A recent article on Novavax in Science offers a little caution about its advantages. As the experts say, it's getting hard to track vaccine efficacy. The majority of people out there are getting infected and reinfected every few months, whether they realize it or not. The virus itself mutates at astonishing rates, producing all kinds of variants with different mutations. This point makes it difficult to know exactly how the vaccines are doing at any given time.

The experts are fairly sure about one thing:

Mixing vaccine brands puts the odds in your favor, because each one conditions your immune system in slightly different ways. They also know that they're going to have to offer updated vaccines at least once a year. Finally, they know we're going to need a new generation of vaccines with more durability.

The experts are absolutely positive about this:

You don't want Covid once.
You don't want it twice.
You don't want it over and over.

There's a consensus across the vast majority of the articles out there. There's no such thing as herd immunity with Covid. Getting reinfected doesn't build up your immune system. It disrupts and weakens your immune system. Even my daughter's pediatrician agrees on this. Covid doesn't get milder over time. The symptoms merely appear that way.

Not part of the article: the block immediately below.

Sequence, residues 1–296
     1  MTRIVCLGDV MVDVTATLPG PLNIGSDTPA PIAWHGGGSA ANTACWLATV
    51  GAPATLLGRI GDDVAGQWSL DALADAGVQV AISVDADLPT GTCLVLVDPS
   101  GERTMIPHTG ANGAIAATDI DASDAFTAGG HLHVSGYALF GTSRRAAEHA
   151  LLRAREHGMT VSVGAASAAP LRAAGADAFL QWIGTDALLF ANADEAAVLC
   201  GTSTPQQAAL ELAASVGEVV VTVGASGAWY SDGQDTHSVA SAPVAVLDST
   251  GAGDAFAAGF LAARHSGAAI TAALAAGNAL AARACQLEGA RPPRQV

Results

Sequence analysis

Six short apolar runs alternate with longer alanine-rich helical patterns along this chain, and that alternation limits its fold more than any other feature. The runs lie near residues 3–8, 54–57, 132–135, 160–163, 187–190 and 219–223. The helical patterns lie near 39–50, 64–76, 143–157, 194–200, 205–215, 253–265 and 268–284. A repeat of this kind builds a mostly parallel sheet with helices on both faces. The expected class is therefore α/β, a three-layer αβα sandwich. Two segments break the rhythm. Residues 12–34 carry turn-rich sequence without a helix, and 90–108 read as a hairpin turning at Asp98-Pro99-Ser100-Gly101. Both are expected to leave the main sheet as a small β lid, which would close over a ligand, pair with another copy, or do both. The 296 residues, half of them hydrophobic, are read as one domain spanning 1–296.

We know that even imperfect masking can reduce transmission as well as your viral load, and that matters. Cleaning the air works extremely well to reduce transmission and viral loads. You can reduce the harm Covid does with vaccines, but you can't eliminate it.

That's what we know.

Despite the good news, people are still having trouble finding updated vaccines in general, especially for younger children. The closest pharmacy offering vaccines for children under 5 in my area is... almost an hour away. In some areas, people aren't having any luck at all. There's only one way to fix this problem, and that's to keep calling pharmacies and making noise online.